I had a patient come to see me in order to resolve chronic arthritis in her hands. Her knuckles on both of her hands were profoundly swollen into what looked like hot, red golf balls. Her goals were to get out of chronic pain, be able to hold her baby, and eventually get off her allopathic medication; in that order. After the first month of Heilkunst treatment, she had a bout of the “flu” and called me to see if there was anything I could do about her symptoms of vomiting and diarrhea. When we discussed her present condition at length, she let me know that she was feeling so poorly that she was obligated to call her mother to come and help her look after her infant daughter and her toddler son. I could sense how much she hated being at the mercy of her mother whose dysfunctional relationship she had not yet wholly reconciled within herself. The vomiting and diarrhea symptoms were a healing reaction indicating the need to “let go” of the control.
I accessed Thorwald Dethlefsen’s book “The Healing Power of Illness: The Meaning of Symptoms and How to Interpret Them”, wherein I found the first clue as to why this individual was suffering so much with this condition. Dethlefsen states, “The personal history of nearly all rheumatic patients reveals excessive activity and mobility. It is thus on active, mobile, agile, restless people that polyarthritis inflicts its long-term stiffness and rigidity, right up to the point where disablement finally forces them to keep still. What seems to be happening here, in other words, is that excessive movement and activity is being corrected for by means of rigidity.” Ah, so this makes sense for the diagnosis (Greek: dia means “through”, gnosis means “knowing”)
I love words. I love to shake them until the meaning or “logos” (which means the divine incarnated spirit born out of thought reflected in “the word” or, the rational principle that governs and develops the universe …no less). Just playing with language is a good enough reason to get out of bed in the morning for me. With regards to Arthritis, it is interesting to look at the German word starr (rigid), which is closely related to the word stur (stubborn), steif (stiff), storrisch (obstinant) and even stieren (to stare) and sterben (to die).
As far as I can tell, arthritis is like a mineralization that usually begins in the extremities where the individual is not wholly incarnated consciously. Arms and hands are the purveyors of giving and receiving, and legs and feet are the instruments we use to move forward in our lives. Nature takes notice when we are “doing” out of obligation as opposed to love, and she begins to deposit salts that begin to cement in the joints over time. I often tell patients that it is a bit like having to dust and vacuum your home once a week, as nature needs to be wholly convinced that we are occupying space, otherwise her job is to take back what she claims is rightfully hers. If you’ve ever seen a person rigidified after death, you know how effective she can be in realizing her goal. Ashes to ashes, dust to dust … Our job is to convince her we are fully and wholly occupying our domain, out of love, and that she had better back off!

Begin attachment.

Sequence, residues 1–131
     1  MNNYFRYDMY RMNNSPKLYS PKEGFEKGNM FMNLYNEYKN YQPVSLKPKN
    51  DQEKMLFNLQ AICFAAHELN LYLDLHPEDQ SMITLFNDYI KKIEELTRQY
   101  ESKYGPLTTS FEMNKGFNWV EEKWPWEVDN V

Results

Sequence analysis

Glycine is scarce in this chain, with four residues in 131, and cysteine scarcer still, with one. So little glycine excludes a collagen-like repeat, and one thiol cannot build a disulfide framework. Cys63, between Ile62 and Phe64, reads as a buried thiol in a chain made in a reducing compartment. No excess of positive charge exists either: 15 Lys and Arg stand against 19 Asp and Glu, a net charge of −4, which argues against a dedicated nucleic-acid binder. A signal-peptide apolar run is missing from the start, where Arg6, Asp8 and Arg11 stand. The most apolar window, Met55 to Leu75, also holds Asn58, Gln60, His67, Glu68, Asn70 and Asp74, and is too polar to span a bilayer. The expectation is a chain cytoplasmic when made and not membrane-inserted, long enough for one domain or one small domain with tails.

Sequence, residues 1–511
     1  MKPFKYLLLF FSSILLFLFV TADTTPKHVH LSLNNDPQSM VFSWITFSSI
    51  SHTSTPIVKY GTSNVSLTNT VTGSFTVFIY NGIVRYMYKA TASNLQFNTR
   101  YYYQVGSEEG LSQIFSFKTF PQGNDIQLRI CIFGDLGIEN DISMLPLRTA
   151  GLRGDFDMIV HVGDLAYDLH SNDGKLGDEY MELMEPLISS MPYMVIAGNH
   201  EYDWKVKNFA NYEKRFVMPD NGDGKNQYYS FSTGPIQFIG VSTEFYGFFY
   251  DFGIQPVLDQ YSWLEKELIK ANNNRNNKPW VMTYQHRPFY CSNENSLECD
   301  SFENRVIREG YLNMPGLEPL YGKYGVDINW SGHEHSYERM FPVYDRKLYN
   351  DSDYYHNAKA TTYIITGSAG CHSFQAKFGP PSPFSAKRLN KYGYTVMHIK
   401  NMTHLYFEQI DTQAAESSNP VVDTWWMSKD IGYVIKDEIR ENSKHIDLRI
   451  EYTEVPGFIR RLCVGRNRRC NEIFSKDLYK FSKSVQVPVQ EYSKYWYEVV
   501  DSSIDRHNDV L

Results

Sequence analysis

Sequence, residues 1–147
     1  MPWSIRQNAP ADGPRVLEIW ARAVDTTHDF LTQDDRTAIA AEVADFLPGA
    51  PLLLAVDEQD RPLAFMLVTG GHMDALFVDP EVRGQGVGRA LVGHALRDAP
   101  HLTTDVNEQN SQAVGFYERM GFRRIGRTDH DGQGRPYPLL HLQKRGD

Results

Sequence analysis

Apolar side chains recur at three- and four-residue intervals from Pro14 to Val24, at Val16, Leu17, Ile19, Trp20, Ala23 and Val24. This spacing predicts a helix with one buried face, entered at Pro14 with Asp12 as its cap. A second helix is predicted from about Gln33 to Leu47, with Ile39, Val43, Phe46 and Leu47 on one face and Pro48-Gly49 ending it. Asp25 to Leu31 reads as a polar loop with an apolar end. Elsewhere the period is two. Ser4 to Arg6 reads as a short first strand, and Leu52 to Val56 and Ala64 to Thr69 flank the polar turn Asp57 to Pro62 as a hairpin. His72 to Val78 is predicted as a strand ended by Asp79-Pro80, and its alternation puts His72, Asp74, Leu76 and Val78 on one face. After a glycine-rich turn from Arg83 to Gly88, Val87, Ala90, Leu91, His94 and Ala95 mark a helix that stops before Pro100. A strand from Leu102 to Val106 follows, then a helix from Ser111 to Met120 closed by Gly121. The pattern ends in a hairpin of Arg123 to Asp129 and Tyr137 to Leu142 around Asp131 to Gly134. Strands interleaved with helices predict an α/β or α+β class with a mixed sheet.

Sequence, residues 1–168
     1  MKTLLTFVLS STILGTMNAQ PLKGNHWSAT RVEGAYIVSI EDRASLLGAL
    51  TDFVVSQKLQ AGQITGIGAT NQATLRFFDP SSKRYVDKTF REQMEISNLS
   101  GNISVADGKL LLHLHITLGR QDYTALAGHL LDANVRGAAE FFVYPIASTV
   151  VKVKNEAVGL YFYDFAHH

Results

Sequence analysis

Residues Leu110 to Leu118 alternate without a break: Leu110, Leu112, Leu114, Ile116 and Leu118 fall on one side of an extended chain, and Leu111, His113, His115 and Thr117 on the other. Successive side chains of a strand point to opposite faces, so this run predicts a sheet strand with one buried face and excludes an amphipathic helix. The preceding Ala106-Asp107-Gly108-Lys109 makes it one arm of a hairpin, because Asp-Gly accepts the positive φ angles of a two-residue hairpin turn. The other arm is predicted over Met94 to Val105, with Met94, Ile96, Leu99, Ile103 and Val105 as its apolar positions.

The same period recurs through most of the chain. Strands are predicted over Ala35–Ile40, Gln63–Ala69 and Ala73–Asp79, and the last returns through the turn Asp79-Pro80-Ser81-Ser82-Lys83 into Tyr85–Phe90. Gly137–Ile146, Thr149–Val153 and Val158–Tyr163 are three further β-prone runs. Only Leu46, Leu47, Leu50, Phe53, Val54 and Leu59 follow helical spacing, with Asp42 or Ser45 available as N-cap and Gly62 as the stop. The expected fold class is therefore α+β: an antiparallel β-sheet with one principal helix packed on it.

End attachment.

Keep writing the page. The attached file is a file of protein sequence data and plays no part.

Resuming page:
Narayan-Singh (aka Michael J. Lincoln, Phd.) wrote “Messages From The Body: Their Psychological Meaning, The Body’s Desk Reference”. It is an awesome reference I use when wanting to source the meaning behind illness in order to form a true diagnoses. For arthritis, he describes the condition as a “hardening of the attitudes.” He goes on to say, “they have a pronounced tendency to immobilization, self-criticism, lack of self-worth, fear, anger, and a feeling of being tied down, restricted and confined. They feel unloved, with a resulting resentful bitterness and judgmental nature.” Apparently these individuals suffered a gloomy and despairing childhood where they never knew when the next thing would go wrong, just that it would. They felt foresaken as the scaffolding (bones, joints, tendons, and muscles) of pure love, without attachment, was not established in childhood. Bingo … we have the whole truth now.
This was indicative of my patient’s case and over time, she has come to know this. The pain and swelling has diminished, her hands look as normal as mine now and she has reached her 1st first two goals. She still struggles with operating out of moralization and her intellect instead from a place of trust and love. I hear it in her voice when she says things like, “Now, Allyson, any mother would do the same thing if their child was suffering” at least every visit. If was given the chance to respond, I would say the answer is “no”. This intellectual loop she has created out of the belief that suffering is “bad” in an indication that her state of mind has not wholly resolved yet. We’ll see if she can let go of “the doing” and enter the realm of true participation, warmth, love, greater ease, softening and true maternal nurturance … without the moralization. A true mother just is, she doesn’t feel the need to justify herself to any perceived authority!
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